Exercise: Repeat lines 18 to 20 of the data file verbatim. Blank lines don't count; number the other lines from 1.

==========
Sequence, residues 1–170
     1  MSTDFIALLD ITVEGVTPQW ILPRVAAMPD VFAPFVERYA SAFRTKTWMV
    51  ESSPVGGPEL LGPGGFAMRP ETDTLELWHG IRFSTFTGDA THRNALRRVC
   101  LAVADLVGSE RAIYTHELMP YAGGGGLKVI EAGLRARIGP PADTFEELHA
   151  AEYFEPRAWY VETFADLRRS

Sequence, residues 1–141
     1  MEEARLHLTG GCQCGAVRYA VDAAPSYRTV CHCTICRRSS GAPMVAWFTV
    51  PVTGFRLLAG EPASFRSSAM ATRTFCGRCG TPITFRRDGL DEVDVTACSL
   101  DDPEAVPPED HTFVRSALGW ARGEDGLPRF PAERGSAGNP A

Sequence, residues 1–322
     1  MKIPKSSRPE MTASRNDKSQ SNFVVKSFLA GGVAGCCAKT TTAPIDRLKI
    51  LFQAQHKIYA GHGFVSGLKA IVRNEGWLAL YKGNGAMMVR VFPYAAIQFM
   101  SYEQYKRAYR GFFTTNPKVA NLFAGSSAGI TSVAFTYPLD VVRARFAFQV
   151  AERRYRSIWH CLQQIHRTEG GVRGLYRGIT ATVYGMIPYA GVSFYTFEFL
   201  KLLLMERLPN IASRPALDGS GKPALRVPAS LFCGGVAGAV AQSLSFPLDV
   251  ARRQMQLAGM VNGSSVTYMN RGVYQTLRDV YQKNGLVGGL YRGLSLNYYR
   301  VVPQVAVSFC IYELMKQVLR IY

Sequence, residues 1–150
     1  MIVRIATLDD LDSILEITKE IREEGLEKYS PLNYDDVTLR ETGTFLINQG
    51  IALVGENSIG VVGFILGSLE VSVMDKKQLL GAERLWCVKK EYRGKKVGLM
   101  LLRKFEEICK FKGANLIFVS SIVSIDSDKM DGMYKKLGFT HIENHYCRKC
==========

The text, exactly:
Sequence, residues 1–150
     1  MIVRIATLDD LDSILEITKE IREEGLEKYS PLNYDDVTLR ETGTFLINQG
    51  IALVGENSIG VVGFILGSLE VSVMDKKQLL GAERLWCVKK EYRGKKVGLM